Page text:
This variant is very similar to the original with only two major differences. The signature of CodeRed.II replaces the multiple N's with X's. This variant also drops a trojan called VirtualRoot, which can give a hacker access and control to the server.
eEye believed that the worm originated in Makati City, Philippines, the same origin as the VBS/Loveletter (aka "ILOVEYOU") worm.
CodeBlue uses the "Web Server Folder Traversal" Vulnerability (described by Microsoft here to infect new machines. This variant targets random IP addresses and sends an FTP get request to the target machine. The request causes the target machine to download the file HTTPEXT.dll to an IIS folder with privileges to execute certain commands on the server (scripts, msadc, iisadmin, _vti_bin, iissamples, iishelp, webpub). The worm on the infecting machine executes the .dll file with a URL request, causing the DLL to drop the file SVCHOST.exe into C:\ (the hard drive on most systems, not in any folders). This makes CodeBlue different from CodeRed, as it is written to the hard drive.
Note: There is a legitimate SVCHOST.exe file in the Windows System Folder, do not mistake it for CodeBlue, as it is an important system file. CodeBlue will be located at C:\ (just the hard drive and not in any folders.
The worm creates a local machine registry key with a subdirectory "Domain Manager" and adds the value "c:\svchost.exe" so that the worm runs when the machine is started. SVCHOST.exe drops a VBS file, D.VBS, which removes the IIS service mappings .ida, .idq, and .printer.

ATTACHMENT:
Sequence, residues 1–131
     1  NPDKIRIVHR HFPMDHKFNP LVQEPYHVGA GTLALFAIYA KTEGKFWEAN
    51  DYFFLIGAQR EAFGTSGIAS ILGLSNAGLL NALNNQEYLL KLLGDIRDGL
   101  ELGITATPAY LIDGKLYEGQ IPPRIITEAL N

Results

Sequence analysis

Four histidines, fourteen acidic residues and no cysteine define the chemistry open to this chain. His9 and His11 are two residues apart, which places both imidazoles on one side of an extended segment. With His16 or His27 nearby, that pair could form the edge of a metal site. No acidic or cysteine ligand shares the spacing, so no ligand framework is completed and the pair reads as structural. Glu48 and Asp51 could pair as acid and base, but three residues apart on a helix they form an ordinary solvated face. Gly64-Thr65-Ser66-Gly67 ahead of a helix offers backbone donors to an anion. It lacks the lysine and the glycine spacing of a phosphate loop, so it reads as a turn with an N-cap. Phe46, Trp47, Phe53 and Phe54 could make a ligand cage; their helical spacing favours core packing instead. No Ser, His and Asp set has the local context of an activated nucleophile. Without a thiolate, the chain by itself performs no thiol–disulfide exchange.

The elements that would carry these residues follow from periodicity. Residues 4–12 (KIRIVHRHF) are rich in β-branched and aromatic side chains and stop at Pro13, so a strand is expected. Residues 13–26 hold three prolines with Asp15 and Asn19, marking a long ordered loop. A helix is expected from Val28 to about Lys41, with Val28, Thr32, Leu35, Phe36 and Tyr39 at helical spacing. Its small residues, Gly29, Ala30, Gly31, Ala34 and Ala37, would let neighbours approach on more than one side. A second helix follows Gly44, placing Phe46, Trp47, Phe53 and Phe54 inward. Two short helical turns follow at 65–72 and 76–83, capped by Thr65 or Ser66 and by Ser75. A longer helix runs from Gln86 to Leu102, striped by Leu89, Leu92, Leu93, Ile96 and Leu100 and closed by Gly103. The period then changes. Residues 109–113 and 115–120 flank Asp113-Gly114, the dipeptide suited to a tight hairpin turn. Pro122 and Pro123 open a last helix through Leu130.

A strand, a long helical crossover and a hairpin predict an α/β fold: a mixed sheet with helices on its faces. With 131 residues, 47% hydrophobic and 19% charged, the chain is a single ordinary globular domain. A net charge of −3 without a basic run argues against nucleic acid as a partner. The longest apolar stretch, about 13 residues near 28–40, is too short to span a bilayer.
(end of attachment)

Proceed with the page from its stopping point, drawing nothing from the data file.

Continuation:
If the time is between 10:00AM to 11:00AM, the worm will start a denial of service attack against http://www.nsfocus.com/, a Chinese security website.
CodeRed.B uses a remote-buffer overflow vulnerability in Internet Information Service (IIS) Web servers to give system level privileges to an attacker. It does not deface Web sites and has an improved random IP address generator.
CodeRed.III (also known as CodeRed.F) propagates by installing itself into a random Web server using a known buffer overflow exploit, contained in the file, Idq.dll. Only systems that have not been patched with the latest Microsoft IIS service packs can be affected.
CodeRed infected between 1 and 2 million computers and resulted in an estimated $2.75 billion in clean-up costs and lost productivity. This is out of a possible 6 million, as that is the number of IIS servers in existence at the time. It was the most costly malware of 2001.
eEye believed that the worm originated in Makati City, Philippines (the same origin as the VBS/Loveletter worm). The defaced web pages strongly suggest that it might come from China.
The virus' name originated from the Code Red Mountain Dew drink.
The webpage reappears in the ResonateII virus.
The Indian media stated that CodeRed originated in the University of Foshon.
CodeRed was deemed by the FBI to be so dangerous that it could bring down the entire Internet due to the increased traffic from the scans.
The phrase "Hacked by Chinese", the payload of the original CodeRed, became a cliché to indicate an online defeat.